When I first heard the premise of Maus, my interest was immediately piqued.
Art Spiegelman’s father, Vladek, was a Polish Jew and Holocaust survivor. The graphic novel (the only one ever to win a Pulitzer, by the way) tells his father’s story of survival, depicting the Jews as mice and the Germans as cats. The Gentile Poles are pigs, Americans are dogs, and the French are frogs (cute one, Spiegelman).
I expected it to be a standard, harrowing tale of torment, starvation, brutality, and survival, but I got a lot more than I bargained for. Spiegelman not only tells his father’s story, but his own. Vladek’s story is told in the context of his son’s research. Art wants to write a comic about his father’s life during WWII, but it’s impossible for his research not to affect him because his subject is his father. His father is not perfect; he fights with his wife, constantly comparing her to his first wife (Vladek remarried after Art’s mother, Anja, took her own life), expects Art to help him do stuff around the house without asking first, and complains to his son about everything.
Spiegelman is brutally honest in his portrayal of his relationship with his father. When Art is so easily annoyed by his father’s pack-rat tendencies and miserliness, I can totally relate. Like Art, I grew up in the United States. We weren’t rich, but we never starved, and we never knew what it was to go without the basic comforts of life. But my parents lived through the Korean War, and saving random odds and ends helped them to survive.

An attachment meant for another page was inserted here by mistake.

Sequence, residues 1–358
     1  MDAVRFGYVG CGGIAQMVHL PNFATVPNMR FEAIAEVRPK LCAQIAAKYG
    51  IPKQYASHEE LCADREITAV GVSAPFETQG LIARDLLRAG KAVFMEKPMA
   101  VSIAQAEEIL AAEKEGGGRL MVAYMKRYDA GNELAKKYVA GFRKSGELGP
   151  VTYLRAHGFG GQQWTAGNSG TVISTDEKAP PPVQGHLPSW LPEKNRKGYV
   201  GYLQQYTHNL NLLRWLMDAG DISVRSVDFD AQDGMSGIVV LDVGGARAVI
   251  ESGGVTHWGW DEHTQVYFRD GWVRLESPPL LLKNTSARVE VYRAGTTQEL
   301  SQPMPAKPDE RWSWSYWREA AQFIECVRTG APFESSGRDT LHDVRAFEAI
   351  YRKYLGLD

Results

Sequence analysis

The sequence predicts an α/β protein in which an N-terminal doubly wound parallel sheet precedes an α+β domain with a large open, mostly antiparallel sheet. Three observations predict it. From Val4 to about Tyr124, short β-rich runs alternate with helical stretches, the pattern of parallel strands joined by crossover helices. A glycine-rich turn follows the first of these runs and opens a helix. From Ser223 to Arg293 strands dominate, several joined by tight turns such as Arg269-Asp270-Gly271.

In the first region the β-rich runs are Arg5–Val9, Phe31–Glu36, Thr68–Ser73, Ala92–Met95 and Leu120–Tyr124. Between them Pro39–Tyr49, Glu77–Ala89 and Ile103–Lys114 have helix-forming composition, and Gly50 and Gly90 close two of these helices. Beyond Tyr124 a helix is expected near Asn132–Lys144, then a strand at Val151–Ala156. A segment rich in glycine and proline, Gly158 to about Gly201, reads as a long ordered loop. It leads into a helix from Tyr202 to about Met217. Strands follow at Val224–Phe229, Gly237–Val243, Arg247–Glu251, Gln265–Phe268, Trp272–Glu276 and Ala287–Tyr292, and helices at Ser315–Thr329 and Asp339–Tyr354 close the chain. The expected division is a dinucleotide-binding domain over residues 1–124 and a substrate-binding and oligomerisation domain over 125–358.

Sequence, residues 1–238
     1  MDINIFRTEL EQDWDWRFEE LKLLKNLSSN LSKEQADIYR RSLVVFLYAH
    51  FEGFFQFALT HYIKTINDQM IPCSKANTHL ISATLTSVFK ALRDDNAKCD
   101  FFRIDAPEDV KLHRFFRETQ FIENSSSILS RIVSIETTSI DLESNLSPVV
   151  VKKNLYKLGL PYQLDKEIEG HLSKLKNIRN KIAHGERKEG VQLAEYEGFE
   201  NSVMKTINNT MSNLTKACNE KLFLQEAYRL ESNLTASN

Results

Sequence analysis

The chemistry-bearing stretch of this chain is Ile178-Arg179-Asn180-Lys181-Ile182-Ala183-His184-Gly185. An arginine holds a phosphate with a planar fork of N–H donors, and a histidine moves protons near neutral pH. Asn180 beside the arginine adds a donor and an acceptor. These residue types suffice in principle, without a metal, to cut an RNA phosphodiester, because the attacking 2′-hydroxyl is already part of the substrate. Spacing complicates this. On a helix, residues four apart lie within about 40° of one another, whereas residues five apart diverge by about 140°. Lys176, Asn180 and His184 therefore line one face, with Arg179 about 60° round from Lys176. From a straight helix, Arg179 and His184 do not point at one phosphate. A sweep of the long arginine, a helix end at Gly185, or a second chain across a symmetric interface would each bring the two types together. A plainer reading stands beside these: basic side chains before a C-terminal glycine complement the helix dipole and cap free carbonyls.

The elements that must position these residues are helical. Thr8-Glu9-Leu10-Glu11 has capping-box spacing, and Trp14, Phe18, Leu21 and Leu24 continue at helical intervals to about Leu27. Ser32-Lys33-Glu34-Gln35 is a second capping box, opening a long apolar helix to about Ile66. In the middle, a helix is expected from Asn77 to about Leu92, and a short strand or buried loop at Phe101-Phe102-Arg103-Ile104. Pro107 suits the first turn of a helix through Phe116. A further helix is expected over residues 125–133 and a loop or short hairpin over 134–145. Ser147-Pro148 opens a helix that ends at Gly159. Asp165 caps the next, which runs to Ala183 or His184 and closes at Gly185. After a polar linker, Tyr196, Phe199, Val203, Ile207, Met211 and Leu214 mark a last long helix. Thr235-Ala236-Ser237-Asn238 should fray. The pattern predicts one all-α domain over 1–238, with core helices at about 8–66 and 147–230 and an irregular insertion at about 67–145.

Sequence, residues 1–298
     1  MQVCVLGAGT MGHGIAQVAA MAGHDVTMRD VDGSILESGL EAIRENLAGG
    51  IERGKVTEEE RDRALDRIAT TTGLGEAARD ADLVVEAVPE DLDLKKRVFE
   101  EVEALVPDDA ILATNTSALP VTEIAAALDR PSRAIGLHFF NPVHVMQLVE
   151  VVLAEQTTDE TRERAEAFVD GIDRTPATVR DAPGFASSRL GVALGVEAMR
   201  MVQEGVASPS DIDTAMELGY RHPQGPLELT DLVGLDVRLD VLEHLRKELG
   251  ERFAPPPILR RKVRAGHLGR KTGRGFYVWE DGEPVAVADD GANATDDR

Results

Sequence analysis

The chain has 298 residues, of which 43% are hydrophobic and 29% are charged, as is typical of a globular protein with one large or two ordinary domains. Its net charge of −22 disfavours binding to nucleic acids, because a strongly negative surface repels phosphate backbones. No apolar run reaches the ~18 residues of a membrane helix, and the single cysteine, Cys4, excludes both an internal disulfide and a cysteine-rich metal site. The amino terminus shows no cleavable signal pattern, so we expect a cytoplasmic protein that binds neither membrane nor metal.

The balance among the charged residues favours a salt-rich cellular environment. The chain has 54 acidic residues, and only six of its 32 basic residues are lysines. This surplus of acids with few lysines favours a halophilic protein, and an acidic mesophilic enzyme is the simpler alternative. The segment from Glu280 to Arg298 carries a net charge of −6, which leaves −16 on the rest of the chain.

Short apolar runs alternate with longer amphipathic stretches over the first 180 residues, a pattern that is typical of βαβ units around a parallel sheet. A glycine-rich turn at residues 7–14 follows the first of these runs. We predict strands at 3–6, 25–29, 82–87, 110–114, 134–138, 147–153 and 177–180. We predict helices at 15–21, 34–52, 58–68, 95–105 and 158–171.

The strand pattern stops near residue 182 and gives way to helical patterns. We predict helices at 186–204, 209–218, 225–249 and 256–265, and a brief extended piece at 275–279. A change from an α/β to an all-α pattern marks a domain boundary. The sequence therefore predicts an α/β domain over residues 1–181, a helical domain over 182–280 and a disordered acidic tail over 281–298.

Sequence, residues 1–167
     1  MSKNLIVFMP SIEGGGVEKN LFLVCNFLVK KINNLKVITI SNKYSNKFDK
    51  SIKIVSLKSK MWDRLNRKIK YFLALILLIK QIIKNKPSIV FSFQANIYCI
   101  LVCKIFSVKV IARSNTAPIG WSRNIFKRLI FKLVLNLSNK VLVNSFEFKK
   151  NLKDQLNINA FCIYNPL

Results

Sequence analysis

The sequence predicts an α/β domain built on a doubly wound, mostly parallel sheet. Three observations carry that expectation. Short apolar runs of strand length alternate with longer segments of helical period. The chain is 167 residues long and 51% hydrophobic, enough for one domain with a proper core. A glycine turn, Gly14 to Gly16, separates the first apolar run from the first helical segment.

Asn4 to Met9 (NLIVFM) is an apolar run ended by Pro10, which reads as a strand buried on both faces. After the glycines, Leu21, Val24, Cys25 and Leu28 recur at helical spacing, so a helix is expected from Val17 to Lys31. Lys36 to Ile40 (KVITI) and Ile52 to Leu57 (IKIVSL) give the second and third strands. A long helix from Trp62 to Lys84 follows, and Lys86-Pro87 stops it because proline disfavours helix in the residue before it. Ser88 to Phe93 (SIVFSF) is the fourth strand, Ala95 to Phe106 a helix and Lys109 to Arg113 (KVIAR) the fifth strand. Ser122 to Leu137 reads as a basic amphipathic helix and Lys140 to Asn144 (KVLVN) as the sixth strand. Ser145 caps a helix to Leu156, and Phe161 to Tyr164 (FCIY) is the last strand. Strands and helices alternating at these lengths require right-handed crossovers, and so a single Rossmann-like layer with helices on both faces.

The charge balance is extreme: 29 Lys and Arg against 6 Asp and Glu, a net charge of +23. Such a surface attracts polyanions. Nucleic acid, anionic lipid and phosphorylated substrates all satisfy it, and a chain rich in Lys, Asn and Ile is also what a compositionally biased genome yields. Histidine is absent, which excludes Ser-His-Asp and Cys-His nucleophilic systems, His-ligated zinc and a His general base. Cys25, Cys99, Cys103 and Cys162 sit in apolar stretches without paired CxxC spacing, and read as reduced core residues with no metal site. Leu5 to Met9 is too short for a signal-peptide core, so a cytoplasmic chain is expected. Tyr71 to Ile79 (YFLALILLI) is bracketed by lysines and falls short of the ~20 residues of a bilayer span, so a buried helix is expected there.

I get annoyed with my parents for saving useless containers and using them as Tupperware, despite the fact that our cabinets are overflowing with actual Tupperware. I hate that there’s so much clutter and useless junk in our house. I recently noticed that my mother still keeps old Happy Meal toys in a curio cabinet in our living room. I hate that she gets so mad when I throw a pickle jar into the recycle bin after I finish all the pickles.
But I have no idea what it’s like to lose out on extra food for later because I don’t have anything to carry it in. I don’t know what it’s like to lose something and regret it because it’s not possible for me to buy a replacement. I change my clothes every day; I don’t know what it’s like to wear every article of clothing I own and still be cold.
And, yet, even though I know (objectively) what my parents suffered through, I still can’t help but think, But the war is over now! and get annoyed that my parents don’t seem to understand that.
Spiegelman sets up a fair bit of tension between his horror at what his father had to endure, his admiration for his father’s survival skills, and his inability to use that understanding of his father’s history to be nicer to him.
The first volume of Maus takes us right to the gates of Auschwitz, and Vladek has already lost a son to the genocide. And it’s not only the way that Spiegelman tells Vladek’s story that’s compelling, but also the way he shows his audience what it took for him to personally get that story to tell it.